American women will do almost anything in their power to slow the aging process, including spending millions annually on moisturizers and creams. That's despite the fact that people in their mid to late 50s are generally happier and experience less stress, compared with young adults in their 20s, according to a study published in March 2010.
It turns out, well-being changes with age. Things get better. People become less stressed and enjoy themselves more. The study on aging suggests that after age 50 both women and men had about the same levels of happiness and tended to feel better overall about their lives.
I'm wondering if the same is true for high-tech supply chains. About 96 percent of the executives managing their companies' strategies now feel pressure to increase efficiencies and boost profit, according to a recent state-of-the-industry report from Eye For Transport.
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In the survey, high-tech electronics manufacturers and retailers were asked to identify the most effective supply chain cost-cutting measures. Low and behold, improving internal efficiencies came in at 77 percent; improved forecasting, 49 percent; and cheaper or better sourcing of materials, 45 percent. The responses were markedly similar to a previous study, with the exception of a reduction in the number making staff or salary cuts.
As the supply chain continues to mature it seems as though companies need to dig deeper to find the cuts to save money and improve profits. The study suggests this level of satisfaction -- call it happiness -- could come from the ability to quickly implement platforms and processes, which could include integrating cloud computing or software as a service (SaaS) applications. In an earlier blog post I ask the EBNOnline.com community to provide feedback on how cloud computing might improve efficiencies in the supply chain. (See: Google Chrome Might Improve the Supply Chain.)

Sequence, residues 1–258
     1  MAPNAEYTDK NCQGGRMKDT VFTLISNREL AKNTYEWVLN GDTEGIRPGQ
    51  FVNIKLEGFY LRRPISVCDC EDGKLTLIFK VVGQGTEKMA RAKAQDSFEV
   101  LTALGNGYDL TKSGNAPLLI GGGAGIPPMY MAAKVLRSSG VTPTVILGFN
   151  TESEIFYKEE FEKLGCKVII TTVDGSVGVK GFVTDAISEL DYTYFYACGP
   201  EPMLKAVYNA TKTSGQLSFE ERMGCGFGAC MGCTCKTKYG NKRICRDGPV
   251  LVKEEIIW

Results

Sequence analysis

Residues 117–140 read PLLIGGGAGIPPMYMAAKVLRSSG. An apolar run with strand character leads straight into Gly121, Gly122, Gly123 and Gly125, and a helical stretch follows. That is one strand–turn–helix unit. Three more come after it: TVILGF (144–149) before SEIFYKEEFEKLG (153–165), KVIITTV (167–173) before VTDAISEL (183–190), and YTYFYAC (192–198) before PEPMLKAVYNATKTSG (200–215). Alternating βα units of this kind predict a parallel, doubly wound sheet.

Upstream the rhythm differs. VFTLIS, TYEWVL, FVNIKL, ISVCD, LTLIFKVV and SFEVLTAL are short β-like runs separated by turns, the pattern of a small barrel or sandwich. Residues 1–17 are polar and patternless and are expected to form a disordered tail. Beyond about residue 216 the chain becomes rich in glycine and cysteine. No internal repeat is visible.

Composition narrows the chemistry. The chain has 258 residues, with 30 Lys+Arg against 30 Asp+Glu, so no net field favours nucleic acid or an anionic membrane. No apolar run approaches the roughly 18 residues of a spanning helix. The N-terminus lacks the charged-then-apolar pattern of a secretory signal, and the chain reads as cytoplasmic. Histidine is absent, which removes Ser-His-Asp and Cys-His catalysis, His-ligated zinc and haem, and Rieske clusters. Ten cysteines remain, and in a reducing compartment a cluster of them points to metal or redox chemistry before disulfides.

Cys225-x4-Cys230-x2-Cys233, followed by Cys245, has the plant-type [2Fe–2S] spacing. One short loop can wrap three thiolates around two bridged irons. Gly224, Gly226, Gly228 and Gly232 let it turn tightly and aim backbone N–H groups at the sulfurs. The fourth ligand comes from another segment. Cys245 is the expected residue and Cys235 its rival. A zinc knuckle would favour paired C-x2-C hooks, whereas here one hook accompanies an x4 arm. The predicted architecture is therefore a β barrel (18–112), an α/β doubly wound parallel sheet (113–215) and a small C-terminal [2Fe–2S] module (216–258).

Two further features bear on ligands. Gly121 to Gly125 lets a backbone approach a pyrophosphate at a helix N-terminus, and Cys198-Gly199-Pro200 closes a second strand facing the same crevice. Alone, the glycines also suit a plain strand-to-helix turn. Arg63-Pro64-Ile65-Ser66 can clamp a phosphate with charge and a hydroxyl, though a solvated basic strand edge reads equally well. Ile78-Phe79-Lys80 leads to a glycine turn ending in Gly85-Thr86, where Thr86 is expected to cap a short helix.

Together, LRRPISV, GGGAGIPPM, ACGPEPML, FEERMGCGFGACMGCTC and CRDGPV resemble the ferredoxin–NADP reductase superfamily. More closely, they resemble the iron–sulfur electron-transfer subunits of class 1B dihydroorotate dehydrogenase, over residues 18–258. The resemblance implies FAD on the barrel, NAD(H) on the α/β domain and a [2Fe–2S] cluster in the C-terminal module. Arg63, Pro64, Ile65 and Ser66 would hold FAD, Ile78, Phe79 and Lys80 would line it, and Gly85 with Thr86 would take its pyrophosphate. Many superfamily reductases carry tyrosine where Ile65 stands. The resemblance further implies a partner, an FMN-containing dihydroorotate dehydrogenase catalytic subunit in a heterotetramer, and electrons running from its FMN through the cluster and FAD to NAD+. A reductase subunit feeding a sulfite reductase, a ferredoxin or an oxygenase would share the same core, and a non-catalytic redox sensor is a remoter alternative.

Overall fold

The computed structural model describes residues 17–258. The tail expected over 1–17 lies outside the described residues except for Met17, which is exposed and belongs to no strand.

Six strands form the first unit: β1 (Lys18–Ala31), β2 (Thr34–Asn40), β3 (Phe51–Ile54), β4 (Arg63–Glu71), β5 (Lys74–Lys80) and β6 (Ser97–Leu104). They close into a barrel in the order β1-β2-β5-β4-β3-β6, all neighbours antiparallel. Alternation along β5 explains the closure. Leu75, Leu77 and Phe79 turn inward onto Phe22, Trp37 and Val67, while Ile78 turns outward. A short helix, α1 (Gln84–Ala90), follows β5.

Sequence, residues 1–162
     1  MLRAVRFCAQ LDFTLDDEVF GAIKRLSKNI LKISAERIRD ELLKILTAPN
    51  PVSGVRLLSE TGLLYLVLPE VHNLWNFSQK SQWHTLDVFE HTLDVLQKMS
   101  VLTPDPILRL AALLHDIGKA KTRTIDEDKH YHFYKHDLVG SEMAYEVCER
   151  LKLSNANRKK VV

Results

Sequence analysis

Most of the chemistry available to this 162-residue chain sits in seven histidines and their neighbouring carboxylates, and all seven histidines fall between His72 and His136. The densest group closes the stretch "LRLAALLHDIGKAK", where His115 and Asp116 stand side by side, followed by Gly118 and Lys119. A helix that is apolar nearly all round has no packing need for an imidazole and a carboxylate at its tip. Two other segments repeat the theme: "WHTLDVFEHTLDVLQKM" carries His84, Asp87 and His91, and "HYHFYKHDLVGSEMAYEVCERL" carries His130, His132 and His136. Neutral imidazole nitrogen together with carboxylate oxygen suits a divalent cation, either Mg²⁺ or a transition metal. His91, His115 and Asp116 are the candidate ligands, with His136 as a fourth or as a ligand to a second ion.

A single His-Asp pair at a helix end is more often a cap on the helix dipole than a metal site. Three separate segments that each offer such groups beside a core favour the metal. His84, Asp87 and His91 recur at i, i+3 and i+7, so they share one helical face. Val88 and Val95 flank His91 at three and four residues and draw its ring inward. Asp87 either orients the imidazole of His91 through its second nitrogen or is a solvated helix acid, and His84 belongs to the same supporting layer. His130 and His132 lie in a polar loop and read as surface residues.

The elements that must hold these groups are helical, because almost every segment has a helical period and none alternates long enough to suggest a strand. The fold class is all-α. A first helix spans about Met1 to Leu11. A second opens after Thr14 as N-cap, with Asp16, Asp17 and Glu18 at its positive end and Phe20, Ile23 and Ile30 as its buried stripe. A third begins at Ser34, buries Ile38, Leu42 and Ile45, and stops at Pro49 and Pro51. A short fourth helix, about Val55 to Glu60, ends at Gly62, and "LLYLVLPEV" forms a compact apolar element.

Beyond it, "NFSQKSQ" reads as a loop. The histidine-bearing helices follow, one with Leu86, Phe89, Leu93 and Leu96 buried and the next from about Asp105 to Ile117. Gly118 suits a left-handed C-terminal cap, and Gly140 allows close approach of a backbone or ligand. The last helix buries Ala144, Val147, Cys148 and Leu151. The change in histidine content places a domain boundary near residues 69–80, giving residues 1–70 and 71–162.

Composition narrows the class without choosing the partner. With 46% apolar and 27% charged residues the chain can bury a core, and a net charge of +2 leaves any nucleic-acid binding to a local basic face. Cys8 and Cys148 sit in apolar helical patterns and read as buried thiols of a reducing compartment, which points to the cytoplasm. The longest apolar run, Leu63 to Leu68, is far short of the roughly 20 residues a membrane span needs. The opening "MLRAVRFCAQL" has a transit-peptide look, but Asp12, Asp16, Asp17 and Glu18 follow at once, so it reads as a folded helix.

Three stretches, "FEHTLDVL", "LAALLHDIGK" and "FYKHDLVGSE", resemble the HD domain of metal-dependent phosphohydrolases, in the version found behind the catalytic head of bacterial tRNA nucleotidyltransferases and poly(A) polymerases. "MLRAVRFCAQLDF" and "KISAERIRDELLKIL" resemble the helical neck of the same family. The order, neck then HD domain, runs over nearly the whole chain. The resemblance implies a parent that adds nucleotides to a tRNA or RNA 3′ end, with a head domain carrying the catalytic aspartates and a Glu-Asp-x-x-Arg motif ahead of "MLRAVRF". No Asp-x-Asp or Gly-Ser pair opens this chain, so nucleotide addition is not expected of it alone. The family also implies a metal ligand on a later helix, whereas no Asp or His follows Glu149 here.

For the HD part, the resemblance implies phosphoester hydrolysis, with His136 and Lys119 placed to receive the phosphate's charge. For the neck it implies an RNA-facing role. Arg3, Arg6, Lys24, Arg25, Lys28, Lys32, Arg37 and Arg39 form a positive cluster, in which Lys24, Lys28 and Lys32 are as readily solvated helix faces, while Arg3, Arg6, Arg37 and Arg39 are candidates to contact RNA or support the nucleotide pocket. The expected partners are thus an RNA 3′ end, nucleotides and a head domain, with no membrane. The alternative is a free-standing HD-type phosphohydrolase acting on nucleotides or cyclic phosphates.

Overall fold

Ironically, the results revealed a changing perspective among high-tech executives with regard to forecasts. The survey indicates that in many cases the recession highlighted the danger of relying too heavily on forecasting to determine how to manage supply chain operations. It also points to the importance of risk management.
Interestingly, the study showed that a greater number -- 11 percent -- of retailers have recently discontinued using certain Asian suppliers. The report suggests more companies have begun to move away from Asia and are relocating operations closer to home. (Have you done this? Why?)
So, what will your company's supply chain look like this year, compared with the past, as it ages and the concept of system optimization continues to mature? How do you cut costs from an aging supply chain to keep it happily increasing profits? Will the more experienced supply chain executives prevail?